Herbivore-induced plant volatiles and tritrophic interactions: from local to landscape scale

Aartsma, Yavanna


Plants need to defend themselves from attack by herbivorous insects. They can do this directly by producing chemical and structural defences such as toxins and spines, but also indirectly by promoting the effectiveness of enemies of the herbivores. This can be accomplished by providing resources such as nectar or shelter for these enemies, but also by providing information to the enemy on the location of their prey. These interactions form a mechanistic basis of tritrophic interactions: Interactions between plants, herbivores and enemies of these herbivores. Plants can provide natural enemies with information on herbivores by releasing chemical compounds upon damage inflicted by these herbivores. These chemical compounds are called herbivore-induced plant volatiles (HIPVs) and can be used by carnivorous animals to find their prey. Some plant species or varieties produce different HIPV blends than others, which can influence carnivore preference such as parasitic wasps or parasitoids.

Parasitoids are insects that lay their eggs in or on other insects. Their offspring feed from the host insect until the parasitoid completes larval development, which usually results in the death of the host. After emerging as adults and mating, female parasitoids need to find new hosts in their environment. These hosts can be spread heterogeneously, which means the parasitoid needs to disperse to locate the hosts. While foraging for hosts, parasitoids can use HIPVs as information on the identity, quality and abundance of hosts. This process has been well characterized at small spatial scales, but little research has been done on how HIPVs attract parasitoids at larger spatial scales. The spatial distribution of HIPVs can be influenced by a range of aspects of the surrounding environment, such as weather conditions, vegetation structure and interference with chemical compounds from other plants. Little is known on how these habitat characteristics affect the foraging behaviour of parasitoids under field conditions. Furthermore, research that combines plant variation in attractiveness to parasitoids with the effects of habitat characteristics is rare.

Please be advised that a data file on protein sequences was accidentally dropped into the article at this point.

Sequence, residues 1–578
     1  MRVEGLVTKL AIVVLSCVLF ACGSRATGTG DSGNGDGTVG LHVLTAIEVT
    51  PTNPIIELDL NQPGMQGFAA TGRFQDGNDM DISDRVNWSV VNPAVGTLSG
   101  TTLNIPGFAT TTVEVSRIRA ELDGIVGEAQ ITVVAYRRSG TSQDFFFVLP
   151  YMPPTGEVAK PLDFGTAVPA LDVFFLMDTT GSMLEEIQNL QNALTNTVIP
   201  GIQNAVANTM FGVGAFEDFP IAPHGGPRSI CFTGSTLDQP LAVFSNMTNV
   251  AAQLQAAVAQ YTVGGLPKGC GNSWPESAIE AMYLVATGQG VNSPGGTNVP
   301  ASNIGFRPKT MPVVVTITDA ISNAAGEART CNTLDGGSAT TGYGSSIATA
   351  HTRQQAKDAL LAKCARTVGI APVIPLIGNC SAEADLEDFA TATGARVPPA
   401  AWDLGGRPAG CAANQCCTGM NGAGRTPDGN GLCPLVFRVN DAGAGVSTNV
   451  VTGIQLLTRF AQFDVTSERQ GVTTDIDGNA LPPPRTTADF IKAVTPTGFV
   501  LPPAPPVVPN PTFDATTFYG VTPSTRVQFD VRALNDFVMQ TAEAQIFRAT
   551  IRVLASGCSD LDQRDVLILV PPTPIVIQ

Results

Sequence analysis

The aim of this thesis project was to investigate HIPV-mediated interactions between plants and parasitoids from local to landscape scale, and how plant variation in attraction of parasitoids via HIPVs alters parasitoid foraging behaviour at these spatial scales. I used a tritrophic system of white cabbage, Pieris brassicae (large cabbage white butterfly) and the parasitic wasp Cotesia glomerata. Two cabbage accessions were used, which were a priori known to differ in attractiveness to parasitoids under laboratory conditions and in small-scale field experiments. The accessions Christmas Drumhead is preferred over Badger Shipper.

In Chapter 2, the current state of the literature regarding HIPV-mediated interactions across spatial scales is reviewed. Key knowledge gaps in the use of HIPVs as a long-distance cue by parasitoids are the distance from which they can be perceived, how HIPVs from surrounding vegetation alter the ability of a parasitoid to find their hosts and how parasitoids use HIPVs on the landscape scale.